G7 raises USD 600 billion against China's Belt and Road project

G7 raises USD 600 billion against China's Belt and Road project

 G7 leaders on Sunday (26/6/2022) agreed to raise USD 600 billion or equivalent to Rp. 8,898 trillion. The funds will be used to finance infrastructure needed by developing countries and counter China's Belt and Road projects. Meanwhile, the funds will be collected from the private and public for five years. President of the United States (US) Joe Biden and other G7 leaders launched the "Partnership for Global Infrastructure and Investment" under a new name at their annual meeting. This year, the G7 leaders' meeting was held in Schloss Elmau, Germany. 

On the occasion, Biden said the US would raise $200 billion in grants, federal funds and private investment over five years. The move is to support projects in low- and middle-income countries that help tackle climate change, as well as global health, gender equality and digital infrastructure. "I want to make it clear. This is not a favor or charity. This is an investment that will benefit everyone," Biden said. The additional hundreds of billions of dollars, Biden continued, could come from multilateral development banks, development finance institutions, sovereign wealth funds and others. 

He added that the move was an opportunity for countries to see the real benefits of partnering with democracies. European Commission President Ursula von der Leyen said countries in the Blue Continent would raise 300 billion euros for the initiative over the same period. It serves as a sustainable alternative to the Belt and Road investment scheme launched by Chinese President Xi Jinping in 2013.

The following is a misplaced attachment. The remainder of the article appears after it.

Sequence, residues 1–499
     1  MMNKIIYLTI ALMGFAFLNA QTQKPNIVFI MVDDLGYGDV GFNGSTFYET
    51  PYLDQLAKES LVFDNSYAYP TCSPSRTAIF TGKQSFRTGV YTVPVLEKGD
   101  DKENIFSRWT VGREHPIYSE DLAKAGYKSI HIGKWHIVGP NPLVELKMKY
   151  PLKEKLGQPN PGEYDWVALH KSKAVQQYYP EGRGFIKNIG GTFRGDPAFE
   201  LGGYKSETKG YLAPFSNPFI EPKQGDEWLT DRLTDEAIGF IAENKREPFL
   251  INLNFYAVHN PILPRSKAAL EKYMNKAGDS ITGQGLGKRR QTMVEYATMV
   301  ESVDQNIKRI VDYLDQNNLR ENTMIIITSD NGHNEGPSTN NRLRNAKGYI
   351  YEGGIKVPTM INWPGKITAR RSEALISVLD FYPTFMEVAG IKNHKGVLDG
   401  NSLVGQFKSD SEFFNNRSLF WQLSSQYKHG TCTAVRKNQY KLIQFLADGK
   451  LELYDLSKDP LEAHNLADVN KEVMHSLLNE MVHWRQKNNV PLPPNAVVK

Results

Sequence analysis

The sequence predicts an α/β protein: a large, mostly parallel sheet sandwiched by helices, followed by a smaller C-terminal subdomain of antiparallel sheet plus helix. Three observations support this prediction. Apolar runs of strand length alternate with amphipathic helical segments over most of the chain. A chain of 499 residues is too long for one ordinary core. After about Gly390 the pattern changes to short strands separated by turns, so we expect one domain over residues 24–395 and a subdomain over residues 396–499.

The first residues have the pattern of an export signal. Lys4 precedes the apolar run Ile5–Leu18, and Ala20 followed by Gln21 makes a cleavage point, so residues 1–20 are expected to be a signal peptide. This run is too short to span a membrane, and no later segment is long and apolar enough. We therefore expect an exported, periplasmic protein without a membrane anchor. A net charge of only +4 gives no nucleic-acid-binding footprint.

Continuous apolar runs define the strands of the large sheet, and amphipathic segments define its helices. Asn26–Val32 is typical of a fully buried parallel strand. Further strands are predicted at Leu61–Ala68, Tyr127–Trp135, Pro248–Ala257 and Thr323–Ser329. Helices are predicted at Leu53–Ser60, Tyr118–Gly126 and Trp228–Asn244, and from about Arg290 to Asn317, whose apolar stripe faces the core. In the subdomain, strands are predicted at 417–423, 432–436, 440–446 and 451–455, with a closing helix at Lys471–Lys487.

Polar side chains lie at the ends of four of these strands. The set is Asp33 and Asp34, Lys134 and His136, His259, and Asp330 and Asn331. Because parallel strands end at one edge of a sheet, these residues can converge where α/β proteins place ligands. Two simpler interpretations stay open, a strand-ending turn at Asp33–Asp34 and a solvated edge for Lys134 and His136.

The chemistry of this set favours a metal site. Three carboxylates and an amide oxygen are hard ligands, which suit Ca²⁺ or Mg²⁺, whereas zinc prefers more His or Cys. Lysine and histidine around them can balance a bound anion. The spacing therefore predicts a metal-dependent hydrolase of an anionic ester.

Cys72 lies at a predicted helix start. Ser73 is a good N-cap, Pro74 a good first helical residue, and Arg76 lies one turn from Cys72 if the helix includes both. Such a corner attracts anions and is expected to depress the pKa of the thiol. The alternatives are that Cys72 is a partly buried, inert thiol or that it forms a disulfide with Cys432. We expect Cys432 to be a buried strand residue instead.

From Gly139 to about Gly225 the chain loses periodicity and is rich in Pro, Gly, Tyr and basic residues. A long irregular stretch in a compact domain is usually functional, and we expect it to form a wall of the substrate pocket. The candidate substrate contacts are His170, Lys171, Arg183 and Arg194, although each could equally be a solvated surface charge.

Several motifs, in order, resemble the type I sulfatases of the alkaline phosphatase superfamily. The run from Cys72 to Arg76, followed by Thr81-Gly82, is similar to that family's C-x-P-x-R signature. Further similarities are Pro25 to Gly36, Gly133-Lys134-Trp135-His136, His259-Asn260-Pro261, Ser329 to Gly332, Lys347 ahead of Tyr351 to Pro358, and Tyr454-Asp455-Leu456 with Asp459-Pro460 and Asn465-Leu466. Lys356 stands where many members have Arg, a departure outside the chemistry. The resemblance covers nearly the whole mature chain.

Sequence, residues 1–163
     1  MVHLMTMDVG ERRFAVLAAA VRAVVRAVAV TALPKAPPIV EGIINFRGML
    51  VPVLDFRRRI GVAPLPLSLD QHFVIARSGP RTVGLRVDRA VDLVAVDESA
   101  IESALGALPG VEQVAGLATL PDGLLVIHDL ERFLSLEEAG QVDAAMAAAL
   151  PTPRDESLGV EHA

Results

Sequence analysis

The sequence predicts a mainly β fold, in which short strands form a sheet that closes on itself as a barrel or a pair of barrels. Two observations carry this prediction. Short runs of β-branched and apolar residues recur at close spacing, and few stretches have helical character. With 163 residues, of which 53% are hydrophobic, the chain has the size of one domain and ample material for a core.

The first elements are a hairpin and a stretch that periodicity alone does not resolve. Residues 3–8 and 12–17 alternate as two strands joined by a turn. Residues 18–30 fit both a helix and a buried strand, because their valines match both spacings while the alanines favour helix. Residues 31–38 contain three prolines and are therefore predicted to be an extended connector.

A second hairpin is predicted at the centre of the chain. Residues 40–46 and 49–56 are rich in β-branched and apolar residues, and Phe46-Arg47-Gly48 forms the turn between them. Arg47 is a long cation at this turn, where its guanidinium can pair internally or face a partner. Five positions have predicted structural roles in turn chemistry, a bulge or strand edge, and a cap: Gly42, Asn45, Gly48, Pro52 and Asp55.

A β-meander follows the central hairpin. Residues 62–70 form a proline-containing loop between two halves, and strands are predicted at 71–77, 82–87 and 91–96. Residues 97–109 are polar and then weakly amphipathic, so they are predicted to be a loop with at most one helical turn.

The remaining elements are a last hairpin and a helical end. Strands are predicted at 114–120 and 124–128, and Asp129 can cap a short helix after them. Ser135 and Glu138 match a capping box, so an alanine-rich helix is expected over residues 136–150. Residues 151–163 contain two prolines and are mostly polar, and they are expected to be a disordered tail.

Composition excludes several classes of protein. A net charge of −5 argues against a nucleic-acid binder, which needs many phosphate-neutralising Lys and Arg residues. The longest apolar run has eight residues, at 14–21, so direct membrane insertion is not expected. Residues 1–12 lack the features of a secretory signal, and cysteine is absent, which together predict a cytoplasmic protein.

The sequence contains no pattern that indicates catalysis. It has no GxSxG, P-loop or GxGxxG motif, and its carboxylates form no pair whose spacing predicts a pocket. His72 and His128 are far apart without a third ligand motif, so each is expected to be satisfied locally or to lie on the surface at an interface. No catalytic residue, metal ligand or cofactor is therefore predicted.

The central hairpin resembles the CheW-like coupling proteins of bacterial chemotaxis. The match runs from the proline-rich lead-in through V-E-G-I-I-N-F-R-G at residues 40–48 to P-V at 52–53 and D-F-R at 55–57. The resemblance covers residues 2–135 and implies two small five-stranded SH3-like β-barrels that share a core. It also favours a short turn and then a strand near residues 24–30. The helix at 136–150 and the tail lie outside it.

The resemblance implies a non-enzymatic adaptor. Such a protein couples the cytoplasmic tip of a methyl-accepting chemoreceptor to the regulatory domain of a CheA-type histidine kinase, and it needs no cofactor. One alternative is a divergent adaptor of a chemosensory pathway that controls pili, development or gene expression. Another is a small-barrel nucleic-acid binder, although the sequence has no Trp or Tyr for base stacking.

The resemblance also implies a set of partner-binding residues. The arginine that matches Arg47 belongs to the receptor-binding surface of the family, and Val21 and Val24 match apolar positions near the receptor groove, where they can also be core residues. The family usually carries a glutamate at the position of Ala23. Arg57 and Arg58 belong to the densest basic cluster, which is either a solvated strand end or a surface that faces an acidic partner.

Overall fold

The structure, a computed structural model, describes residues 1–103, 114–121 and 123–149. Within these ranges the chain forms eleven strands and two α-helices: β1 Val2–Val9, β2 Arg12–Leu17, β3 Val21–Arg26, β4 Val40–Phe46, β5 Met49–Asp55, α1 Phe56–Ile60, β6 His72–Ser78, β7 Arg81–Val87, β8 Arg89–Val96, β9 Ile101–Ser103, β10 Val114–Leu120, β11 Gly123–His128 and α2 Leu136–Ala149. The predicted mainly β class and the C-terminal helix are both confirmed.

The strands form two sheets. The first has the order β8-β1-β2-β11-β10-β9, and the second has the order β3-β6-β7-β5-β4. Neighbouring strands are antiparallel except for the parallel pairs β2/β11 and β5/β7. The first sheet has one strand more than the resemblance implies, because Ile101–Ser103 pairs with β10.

Leaders from Italy, Canada and Japan also talked about their plans. Some of them announced separately. Meanwhile, French President Emmanuel Macron and Prime Minister Boris Johnson were absent, but both countries participated. As is known, China's investment scheme involves development and programs in more than 100 countries. 

The goal was to create a modern version of the trade route from Asia to Europe called the “Silk Road”. White House officials say the plan provides little real benefit to many developing countries. Meanwhile, Friederika Roder, Vice President of the non-profit group Global Citizen, said the investment pledge was a good start for G7 countries to engage in developing countries. 

Such investment measures can also support stronger global growth for all countries. So far, the G7 countries have on average devoted only 0.32 percent of their gross national income to development. That's less than half of the 0.7 percent promised. "In fact, without developing countries, there will be no sustainable world economic recovery," he said.

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